On the same day that I came across this new research, I came across this gem (warning, serious asshattery) touting some new “hard-hitting childhood obesity ads” out of the UK.  While the article on Buzz Feed praises the ad for not showing pictures of fat kids looking miserable (as in the Georgia Billboard campaign), the author clearly needs a delivery from the clue department.  Because, even if you use kindergarten level graphics or an image of an overflowing urn, shaming people is shaming.  And shaming people doesn’t work. Shaming people doesn’t work.  SHAMING PEOPLE DOESN’T WORK.  *Grabs paper bag and starts breathing into it…*

Despite all the evidence mounting from all the studies about shame and obesity, the anti-fat people regularly demonstrate the qualities of insanity by trying the same things over and over again and expecting different results.  I think the reasoning goes something like, “Even though it didn’t work last time, fat-shaming gets government and organizational funding like nobody’s business.  Let’s get a grant to do it a little bit differently than we did it before and spin the results like a Maytag washer.”

So it seems that folks are going to continue to spend money on ineffective and dangerous fat shaming.  And I’ll continue to write about it.  It’s the circle of blog life I guess.


The Fat Chick

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Fashionably Impoverished

AppleCharlotteSo I ran across THIS story this past week about Charlotte a fashion student in London who dared, DARED to make a plus-sized collection for her graduate project.  Unfortunately (but not surprisingly) she received a lot of resistance from her school about her decision to create a plus-sized fashion line and use plus-sized models.  At least initially she was told that she couldn’t show her collection in the University’s London showcase.  She was told that she would have to source all her own models for her own showcase and create all of her own pattern blocks.  All this because she dared to suggest that perhaps some designs should be created for the 50 percent of the female population that can’t wear “straight sizes”.  (Hmm, isn’t “straight sizes” an interesting term in itself?)

All of this in the same week that we’ve seen the brouhaha over Abercrombie & Fitch’s CEO, Mike Jeffries and his hateful comment that his clothes are for the “cool kids”, and that he really doesn’t offer plus sizes because he really doesn’t want fat people wearing his clothes.  Why does Mike do that?  Simple.  He says that because he believes it will further endear him to his target market of young, thin, privileged, white kids.  And he says that because he really didn’t believe there would be any problem with it.  Oh after all the yelling Mr. Jeffries apparently made a half-hearted apology just to keep his name in the papers.  To which I say, F-you Mike Jeffries.  Oh and please enjoy this special video response to Mr. Jeffries recorded on the streets of my beloved Hollywood…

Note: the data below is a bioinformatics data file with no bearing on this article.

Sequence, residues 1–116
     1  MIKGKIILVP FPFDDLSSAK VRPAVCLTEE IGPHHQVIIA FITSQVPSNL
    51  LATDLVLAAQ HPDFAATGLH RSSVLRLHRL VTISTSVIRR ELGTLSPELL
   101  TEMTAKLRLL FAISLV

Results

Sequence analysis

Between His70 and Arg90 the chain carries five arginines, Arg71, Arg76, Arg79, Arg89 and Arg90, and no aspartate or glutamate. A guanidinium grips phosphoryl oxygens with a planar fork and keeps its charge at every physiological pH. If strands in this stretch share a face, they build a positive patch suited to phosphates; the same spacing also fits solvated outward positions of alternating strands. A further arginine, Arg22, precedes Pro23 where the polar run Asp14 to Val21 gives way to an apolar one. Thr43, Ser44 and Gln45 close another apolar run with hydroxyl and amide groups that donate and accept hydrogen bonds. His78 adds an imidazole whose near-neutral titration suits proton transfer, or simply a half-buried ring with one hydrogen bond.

However you slice it, Mike Jeffries got a publicity bonanza for his brand as a result of this whole thing.  And while the surprising backlash probably prompted this apology, the reality is, all publicity is good publicity if they spell your URL correctly and drive traffic to your facebook feed.

But there is an aspect to this whole thing that puzzles me.  The scorn of the fashion industry to anyone who wears over a size zero is hardly new.  But we’re still climbing out of a worldwide recession.  You’d think fashion companies might be a tad more interested in making money.  You’d think that they’d want to give a little more attention to the basic principles of supply and demand.  And no matter how you slice it, the place where the market is under-served, the place where there is more market share to be got and less competition to fight is in plus-sized fashions.  Seriously.

Don’t believe me?  Do this experiment.  Go to any mall in America.  Count the number of clothing stores for women.  Now count the number of clothing stores for women that carry plus-sized fashions.  Let’s take the Fashion Square Mall in Los Angeles as an example.  There are 40 stores that carry women’s clothing.  The only two that offer any plus-sized clothing in the store are the two major department stores, Macy’s and Bloomingdales.  In both cases, the plus-sized clothing departments are a small fraction of the overall floor space.  Two stores at the mall offer plus-sizes via their web sites (J Jill and Forever 21) but not in the stores at this mall.  So of the 40 women’s clothing stores in this mall you can try on clothes over a size 14 at two of them.  This despite the fact that about half the female population of our country wears a size 14 or over.   Now I don’t have an ivy league MBA degree, but even I can figure out that the business opportunity lies with the plus-sized crowd.  So why oh why is the university discouraging the amazing Charlotte from creating clothes for the half of the population that is actively crying out for new clothes?  In this world of ballooning student loans and massive unemployment, why would they discourage a student from focusing on a market which A) the student has a great passion to serve, and B)The student might actually make some money?

The only answer I can come up with is stigma, pure and simple.  Charlotte has expressed pride at graduating and some consternation that she won’t know her final grade for some time.  But I for one, would be pretty indifferent to the judgement of any institution that taught me to be fashionably poor.


The Fat Chick